The plaintiff was in occupation of a piece of land situated at Ishaga Road, Surulere as described on a plan attached to the Statement of Claim. Whilst in occupation the plaintiff was approached in 1957 by Dr Akerele, the husband of the defendant, and warned by him that the defendant owned the land on which the plaintiff had his buildings. The defendant had been successful in the High Court of Lagos, when suing as a member of the Abayomi Anjorin family, in claiming that the land, a portion of which included the land in dispute in this appeal before us, was vested in that family and this decision was subsequently upheld on appeal by this Court. The defendant as a result of that decision levied execution by way of a writ of ejectment on the plaintiff and the plaintiff on the 11th of July, 1957, when this happened on the advice of his then solicitor went together with Mr Onasanya (2nd P.W) to see Dr Akerele and a meeting then took place out of which this dispute has arisen. The plaintiff claimed that Dr Akerele on behalf of the defendant agreed to sell the land for £750 and that whilst no written agreement was entered into a cheque for £750 was paid to the defendant’s solicitors on the same day and endorsed over by them not to the defendant but to Dr Akerele. The plaintiff sought a receipt for the payment of £750 as none was then given but only after seeking the help of the Attorney-General of the Federation was a receipt eventually given over 21/2 years later on the 14th of March, 1960. This receipt stated that the £750 was part payment of £3,000. The receipt did not say that the part payment was in respect of the sale of land but in a covering letter from the solicitors of the defendant it was stated to be “part payment for land.” The plaintiff maintained that the sum of £3,000 had never been agreed and that £750 was the full agreed purchase price, so an action was in 1960 commenced against the defendant to recover the £750 but this action was brought not by the plaintiff but by the registered trustees of the Hope Rising Voluntary Fund Society who had paid the £750 on behalf of the plaintiff. The plaintiffs in that action in the Lagos High Court were nonsuited on the 30th of September, 1963, as the trustees were found not to be parties to the alleged contract. The plaintiff thereupon commenced in the High Court the action upon which this appeal is brought.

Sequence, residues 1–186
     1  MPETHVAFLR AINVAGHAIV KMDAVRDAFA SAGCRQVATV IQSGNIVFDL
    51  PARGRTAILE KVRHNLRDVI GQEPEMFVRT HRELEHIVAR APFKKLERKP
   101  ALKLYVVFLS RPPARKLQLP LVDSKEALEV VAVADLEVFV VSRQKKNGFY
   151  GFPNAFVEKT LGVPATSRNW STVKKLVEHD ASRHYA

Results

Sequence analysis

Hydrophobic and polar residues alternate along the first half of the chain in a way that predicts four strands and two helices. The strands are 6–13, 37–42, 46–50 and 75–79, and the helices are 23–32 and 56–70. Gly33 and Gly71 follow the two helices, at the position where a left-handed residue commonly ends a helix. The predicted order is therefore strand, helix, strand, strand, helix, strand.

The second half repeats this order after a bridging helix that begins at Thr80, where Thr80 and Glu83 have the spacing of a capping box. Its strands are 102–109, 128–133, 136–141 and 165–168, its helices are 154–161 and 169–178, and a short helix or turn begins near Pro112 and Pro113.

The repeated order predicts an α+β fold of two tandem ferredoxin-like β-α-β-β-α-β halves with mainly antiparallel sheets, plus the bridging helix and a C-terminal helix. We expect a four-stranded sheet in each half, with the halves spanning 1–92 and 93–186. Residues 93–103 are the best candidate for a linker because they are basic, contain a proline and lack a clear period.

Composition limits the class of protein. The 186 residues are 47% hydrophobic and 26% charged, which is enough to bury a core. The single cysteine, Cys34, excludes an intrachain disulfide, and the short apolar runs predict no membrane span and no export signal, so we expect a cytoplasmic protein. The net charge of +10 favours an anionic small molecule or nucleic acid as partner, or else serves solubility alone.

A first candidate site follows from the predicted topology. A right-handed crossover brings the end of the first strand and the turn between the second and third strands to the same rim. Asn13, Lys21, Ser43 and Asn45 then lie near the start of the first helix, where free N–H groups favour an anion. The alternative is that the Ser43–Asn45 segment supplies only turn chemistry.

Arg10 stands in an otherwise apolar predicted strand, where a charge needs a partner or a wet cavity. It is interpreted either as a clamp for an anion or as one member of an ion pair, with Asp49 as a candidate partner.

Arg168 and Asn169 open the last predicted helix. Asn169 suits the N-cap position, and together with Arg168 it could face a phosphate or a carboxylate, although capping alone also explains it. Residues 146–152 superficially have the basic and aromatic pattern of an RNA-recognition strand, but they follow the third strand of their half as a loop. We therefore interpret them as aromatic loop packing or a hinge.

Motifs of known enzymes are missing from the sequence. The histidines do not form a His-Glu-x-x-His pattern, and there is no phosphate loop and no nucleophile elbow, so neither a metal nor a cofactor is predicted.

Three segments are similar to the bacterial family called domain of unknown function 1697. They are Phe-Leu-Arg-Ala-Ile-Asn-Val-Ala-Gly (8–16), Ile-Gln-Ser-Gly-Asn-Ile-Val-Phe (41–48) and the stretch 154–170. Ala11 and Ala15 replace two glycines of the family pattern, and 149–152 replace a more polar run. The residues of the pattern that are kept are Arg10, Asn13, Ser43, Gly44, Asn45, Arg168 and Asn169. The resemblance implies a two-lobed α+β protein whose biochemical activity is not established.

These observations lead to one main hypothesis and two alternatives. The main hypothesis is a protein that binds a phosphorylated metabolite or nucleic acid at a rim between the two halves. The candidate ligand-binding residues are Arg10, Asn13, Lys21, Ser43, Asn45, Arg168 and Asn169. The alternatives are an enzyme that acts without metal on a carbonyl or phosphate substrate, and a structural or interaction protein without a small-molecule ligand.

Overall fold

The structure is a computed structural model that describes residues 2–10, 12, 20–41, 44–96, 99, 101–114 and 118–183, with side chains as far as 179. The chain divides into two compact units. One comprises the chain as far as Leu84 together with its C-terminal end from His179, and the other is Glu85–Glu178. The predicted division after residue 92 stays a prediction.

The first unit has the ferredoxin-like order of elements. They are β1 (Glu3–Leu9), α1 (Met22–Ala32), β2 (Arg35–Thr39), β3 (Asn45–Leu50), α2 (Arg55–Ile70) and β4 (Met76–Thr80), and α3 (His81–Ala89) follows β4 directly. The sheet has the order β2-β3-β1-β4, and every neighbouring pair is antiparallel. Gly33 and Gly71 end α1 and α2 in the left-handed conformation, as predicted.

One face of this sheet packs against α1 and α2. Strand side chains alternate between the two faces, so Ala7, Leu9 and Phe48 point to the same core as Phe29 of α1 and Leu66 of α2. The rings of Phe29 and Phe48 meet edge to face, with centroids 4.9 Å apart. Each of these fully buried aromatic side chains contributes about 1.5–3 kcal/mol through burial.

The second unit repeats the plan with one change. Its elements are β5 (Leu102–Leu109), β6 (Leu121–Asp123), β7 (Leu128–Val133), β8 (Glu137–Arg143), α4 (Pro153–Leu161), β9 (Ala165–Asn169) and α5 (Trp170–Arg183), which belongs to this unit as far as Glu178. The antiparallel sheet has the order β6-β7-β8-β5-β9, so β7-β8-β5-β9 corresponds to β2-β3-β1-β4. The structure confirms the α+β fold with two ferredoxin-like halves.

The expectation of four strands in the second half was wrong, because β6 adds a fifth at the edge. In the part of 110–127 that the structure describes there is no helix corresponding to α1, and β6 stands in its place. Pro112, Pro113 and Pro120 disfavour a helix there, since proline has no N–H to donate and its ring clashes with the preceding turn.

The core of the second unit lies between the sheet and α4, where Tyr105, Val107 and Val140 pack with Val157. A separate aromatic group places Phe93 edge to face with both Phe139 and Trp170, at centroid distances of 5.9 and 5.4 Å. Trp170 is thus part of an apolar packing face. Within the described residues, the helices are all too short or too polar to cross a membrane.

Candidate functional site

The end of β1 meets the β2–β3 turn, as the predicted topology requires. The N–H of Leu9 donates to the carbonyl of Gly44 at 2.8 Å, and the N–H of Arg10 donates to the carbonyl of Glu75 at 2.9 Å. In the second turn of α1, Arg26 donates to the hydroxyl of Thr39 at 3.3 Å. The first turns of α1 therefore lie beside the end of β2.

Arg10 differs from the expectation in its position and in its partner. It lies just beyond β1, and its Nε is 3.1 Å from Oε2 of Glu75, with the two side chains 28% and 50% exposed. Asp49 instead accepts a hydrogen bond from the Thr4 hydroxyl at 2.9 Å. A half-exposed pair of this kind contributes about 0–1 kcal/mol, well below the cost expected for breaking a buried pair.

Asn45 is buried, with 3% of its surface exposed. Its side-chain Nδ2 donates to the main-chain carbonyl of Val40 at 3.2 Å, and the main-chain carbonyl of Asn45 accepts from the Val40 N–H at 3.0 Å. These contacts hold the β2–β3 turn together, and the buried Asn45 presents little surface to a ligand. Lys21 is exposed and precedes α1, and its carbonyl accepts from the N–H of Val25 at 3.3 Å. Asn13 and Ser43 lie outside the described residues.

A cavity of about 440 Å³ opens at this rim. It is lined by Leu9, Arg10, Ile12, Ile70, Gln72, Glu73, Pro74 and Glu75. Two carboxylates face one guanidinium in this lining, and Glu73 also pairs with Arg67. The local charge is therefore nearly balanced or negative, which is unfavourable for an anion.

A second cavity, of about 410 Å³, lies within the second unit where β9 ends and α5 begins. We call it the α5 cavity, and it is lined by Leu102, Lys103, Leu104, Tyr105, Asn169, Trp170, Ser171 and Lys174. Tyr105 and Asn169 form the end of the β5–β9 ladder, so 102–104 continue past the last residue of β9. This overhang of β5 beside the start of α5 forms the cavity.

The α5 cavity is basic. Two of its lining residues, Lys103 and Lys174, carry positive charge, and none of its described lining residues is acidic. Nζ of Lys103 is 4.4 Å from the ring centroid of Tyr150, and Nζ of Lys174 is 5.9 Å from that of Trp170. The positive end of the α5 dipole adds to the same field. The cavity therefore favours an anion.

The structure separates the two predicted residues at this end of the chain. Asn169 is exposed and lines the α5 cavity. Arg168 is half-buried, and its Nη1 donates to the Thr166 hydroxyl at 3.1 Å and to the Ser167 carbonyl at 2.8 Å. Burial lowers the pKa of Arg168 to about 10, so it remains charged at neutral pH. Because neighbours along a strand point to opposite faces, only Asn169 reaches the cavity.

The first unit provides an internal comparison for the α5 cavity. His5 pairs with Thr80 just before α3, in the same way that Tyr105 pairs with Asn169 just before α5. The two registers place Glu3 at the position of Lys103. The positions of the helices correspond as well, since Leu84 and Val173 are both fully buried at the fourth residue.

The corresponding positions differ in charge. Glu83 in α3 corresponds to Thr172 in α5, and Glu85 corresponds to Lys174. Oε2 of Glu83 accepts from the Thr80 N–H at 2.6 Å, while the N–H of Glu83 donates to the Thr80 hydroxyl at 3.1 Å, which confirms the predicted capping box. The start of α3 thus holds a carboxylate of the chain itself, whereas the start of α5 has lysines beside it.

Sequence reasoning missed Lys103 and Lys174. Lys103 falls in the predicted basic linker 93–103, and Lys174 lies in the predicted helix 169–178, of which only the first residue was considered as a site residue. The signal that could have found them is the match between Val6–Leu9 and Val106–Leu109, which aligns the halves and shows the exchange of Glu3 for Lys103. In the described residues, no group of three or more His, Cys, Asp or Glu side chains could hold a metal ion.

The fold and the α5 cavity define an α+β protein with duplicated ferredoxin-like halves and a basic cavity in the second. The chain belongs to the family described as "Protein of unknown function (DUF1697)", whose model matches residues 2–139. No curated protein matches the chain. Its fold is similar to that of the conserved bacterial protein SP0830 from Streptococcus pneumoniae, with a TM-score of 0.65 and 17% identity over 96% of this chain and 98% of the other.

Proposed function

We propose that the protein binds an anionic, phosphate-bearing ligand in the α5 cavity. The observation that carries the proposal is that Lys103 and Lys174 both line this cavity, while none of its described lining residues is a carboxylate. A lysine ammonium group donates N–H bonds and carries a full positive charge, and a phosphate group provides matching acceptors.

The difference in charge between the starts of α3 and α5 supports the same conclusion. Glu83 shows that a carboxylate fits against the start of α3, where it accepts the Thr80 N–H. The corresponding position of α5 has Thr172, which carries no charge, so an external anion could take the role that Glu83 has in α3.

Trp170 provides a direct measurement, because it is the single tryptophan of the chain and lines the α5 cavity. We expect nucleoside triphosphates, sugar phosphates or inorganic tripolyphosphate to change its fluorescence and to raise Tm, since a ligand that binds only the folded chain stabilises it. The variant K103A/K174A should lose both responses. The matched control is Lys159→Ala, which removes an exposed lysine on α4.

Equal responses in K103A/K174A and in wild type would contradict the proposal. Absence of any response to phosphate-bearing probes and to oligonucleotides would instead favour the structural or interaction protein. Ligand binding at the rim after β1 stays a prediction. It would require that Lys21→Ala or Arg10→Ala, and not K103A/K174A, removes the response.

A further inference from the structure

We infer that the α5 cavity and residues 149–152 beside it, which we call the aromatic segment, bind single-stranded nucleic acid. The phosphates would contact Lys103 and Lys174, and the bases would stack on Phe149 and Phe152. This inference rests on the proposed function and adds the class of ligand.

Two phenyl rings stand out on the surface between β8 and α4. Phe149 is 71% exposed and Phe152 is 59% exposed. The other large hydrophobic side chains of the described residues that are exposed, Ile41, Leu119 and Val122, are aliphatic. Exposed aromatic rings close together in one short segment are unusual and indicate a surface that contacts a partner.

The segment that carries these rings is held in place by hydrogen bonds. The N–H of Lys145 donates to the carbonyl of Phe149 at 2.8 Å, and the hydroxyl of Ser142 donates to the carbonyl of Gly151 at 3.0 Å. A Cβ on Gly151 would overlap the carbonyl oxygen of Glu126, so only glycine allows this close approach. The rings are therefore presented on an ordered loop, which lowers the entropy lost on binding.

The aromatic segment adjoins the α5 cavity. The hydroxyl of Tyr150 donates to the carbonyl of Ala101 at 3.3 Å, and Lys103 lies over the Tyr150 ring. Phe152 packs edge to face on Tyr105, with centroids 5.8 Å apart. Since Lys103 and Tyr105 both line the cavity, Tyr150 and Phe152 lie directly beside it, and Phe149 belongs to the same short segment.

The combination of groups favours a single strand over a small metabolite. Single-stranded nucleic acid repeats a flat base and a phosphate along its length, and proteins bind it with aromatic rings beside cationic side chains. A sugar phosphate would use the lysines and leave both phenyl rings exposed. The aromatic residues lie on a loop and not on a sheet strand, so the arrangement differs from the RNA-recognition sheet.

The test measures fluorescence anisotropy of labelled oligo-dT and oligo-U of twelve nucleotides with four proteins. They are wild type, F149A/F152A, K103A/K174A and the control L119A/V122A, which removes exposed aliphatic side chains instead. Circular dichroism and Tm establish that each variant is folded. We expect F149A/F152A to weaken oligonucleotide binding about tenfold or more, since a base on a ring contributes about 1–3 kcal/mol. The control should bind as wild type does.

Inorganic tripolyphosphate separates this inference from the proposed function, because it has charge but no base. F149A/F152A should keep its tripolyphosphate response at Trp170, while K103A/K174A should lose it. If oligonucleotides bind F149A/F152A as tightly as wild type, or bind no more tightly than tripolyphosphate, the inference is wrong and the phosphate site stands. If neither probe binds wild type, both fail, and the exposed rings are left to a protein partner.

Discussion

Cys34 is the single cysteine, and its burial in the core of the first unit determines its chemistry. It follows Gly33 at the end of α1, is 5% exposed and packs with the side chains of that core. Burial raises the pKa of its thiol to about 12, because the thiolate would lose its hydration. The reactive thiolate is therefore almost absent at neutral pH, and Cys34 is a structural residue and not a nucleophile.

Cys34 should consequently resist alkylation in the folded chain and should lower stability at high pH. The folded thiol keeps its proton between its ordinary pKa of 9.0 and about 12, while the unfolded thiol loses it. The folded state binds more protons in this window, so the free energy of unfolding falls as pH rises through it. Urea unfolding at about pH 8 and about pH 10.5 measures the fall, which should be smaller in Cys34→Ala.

Now the defendant in her Statement of Defence stated that with regard to this meeting of the 11th of July, 1957-

“5.     The plaintiff during the execution negotiated with the defendant for the release of the property paying therefore the sum of £750 (Seven hundred and fifty pounds) for such release.

  1. The defendant further avers that she expected the plaintiff to approach her for the purchase of the land the subject of the execution, but he made no such approach.”

The defendant was not present at the meeting but Dr Akerele gave evidence at the hearing of the action on her behalf and alleged that he informed the plaintiff and the 2nd P .W. that he would not release the attachment unless £3,000 was paid, but on their pleading he agreed to allow this to be paid by instalments and said that if the £750 was paid by the plaintiff at once he could go back into his house and this was what was agreed. He said the receipt given in March, 1960, by the defendant was written on his instructions, as in the meantime on the 27th of July, 1957, only 16 days after this meeting, the head of the Abayomi Anjorin family joined with the defendant in her capacity as a principal member of that family and with the full consent of all the members of the family to convey an area of 2,587 acres including the property in dispute in this action to Dr Akerele as he had spent £2,000 in enabling the action which had just then been successfully brought in respect of the land to be taken and had also paid £5 to the grantors.